About Me

My photo
I am a mother, a teacher, and a nature lover. I grew up on a mountain we called Owls' Knob in the Ozarks of Arkansas. The first seven years of my life were spent living in a log cabin, far from a store or streetlight, without electricity or running water and after twenty years of travel, I returned to the abondoned homestead. Now I live on a hill by a small lake and work at a public garden. These are stories about nature written from a women deeply influenced by place.

Tuesday, May 3, 2011

From April Showers to May Flowers

Fire Pink (Silene virginica)

After a week of rain, children gather at the Ozark Natural Science Center ready to enjoy the great outdoors. We walk along Bear Hallow Creek where wildflowers dot the grass like stars in the sky on a moonless night. They are familiar with many of them, such as the common violet and dandelion but these flowers represent mere weeds.
Violet flowers are edible and have a sour flavor. The leaves are less tasty raw but can be cook and are very nutritious. If you cook just a half cup of violet leaves into a stir-fry dish, then you are eating more than your daily requirements of vitamin A and C. Dandelion greens are sold in the produce department of many health food stores as a salad green. The root is good for the just about every organ and cleanses the liver when made into a tea that resembles coffee in flavor. Perhaps it is time to rethink these so called weeds.
Along the riverside we discover rue anemone and spring beauty. A girl asks me if these woodland blooms are edible or medicinal. I honestly don’t know. I look it up in my field guide book and find that the tuberous roots of both plants are edible. Natives cooked spring beauty roots (their flavor is bland like a chestnut) and used the roots of rue (also called windflower) to treat diarrhea and vomiting. There is always more for all of us to learn.  
The following day we hike along the river and review the flowers we’ve seen. We also find the three leafed and pedaled trilliums, nodding yellow bellwort, a globe of shinning blue stars, and white trout lilies near the water’s edge. Then we trek up to the bluffs along the ridge where we come upon new and unique flowers that love this moist shady habitat. I show them may apple flowers but we don’t find any edible may apples this early in the year. I crush a leaf of a mountain mint plant so they can smell its distinct flavor. We also smell the leaves of a sassafras shrub and I tell them that this plant’s roots are used to make root beer.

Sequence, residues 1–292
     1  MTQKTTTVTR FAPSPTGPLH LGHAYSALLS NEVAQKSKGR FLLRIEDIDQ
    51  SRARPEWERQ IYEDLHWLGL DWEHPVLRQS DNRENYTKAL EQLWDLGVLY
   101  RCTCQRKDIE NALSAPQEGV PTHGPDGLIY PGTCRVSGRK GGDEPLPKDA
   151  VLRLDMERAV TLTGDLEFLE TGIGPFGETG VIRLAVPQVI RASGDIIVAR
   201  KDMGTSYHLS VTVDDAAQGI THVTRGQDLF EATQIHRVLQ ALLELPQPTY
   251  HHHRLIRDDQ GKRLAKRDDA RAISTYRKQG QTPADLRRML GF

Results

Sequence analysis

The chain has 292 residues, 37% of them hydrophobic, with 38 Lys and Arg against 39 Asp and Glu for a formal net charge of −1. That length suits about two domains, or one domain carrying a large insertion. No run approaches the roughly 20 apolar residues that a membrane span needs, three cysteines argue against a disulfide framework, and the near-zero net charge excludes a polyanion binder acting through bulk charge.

Suddenly, all ten children halt at the sight of a delicate nodding flower growing in the crack between of two moss covered rocks edged with ferns along the bluff’s face. We take a moment to examine its feathery leaves, cupped petals, and red spurs before identifying its name: wild columbine (Aquilegia_canadensis).  Such a lovely specimen need not be medicinal but in fact crushed wild columbine seeds were used by Native Americans to control head lice and cure headaches.
Before diving into any lesson on edibles or medicinal plants I always warn my students not to eat plants in their yards where pesticides and other poisons could reside. Then I point out that some edible plants closely resemble poisonous ones, like wild carrot and poison hemlock. Knowing plants is not about using them, but for appreciation.
The appreciation of flowers goes beyond their beauty and their uses into their place in the ecosystem. The symbiotic relationship between flowers and nectar feeding insects is a mutual one, like that of fungus and algae which forms lichen. Nature is full of relationships and it is important to recognize that something as simplistic as picking a flower has an ecological impact.
Just before they load onto the bus and return to their busy city lives, I ask my students what their favorite part of their trip to the wilderness. On this spring day, many of them remark on the beauty of the wild columbine and the lovely smells of sassafras and mountain mint. A few girls sing a song that another staff member shared around the campfire about not picking a rose but instead leaving it on the vine to grow. On this spring day, the flowers spoke to the hearts and minds of these children. Perhaps the next time they find a dandelion growing in a crack in the cement, they will remember all that they have learned.

Wild Columbine (Aquilegia canadensis)

No comments:

Post a Comment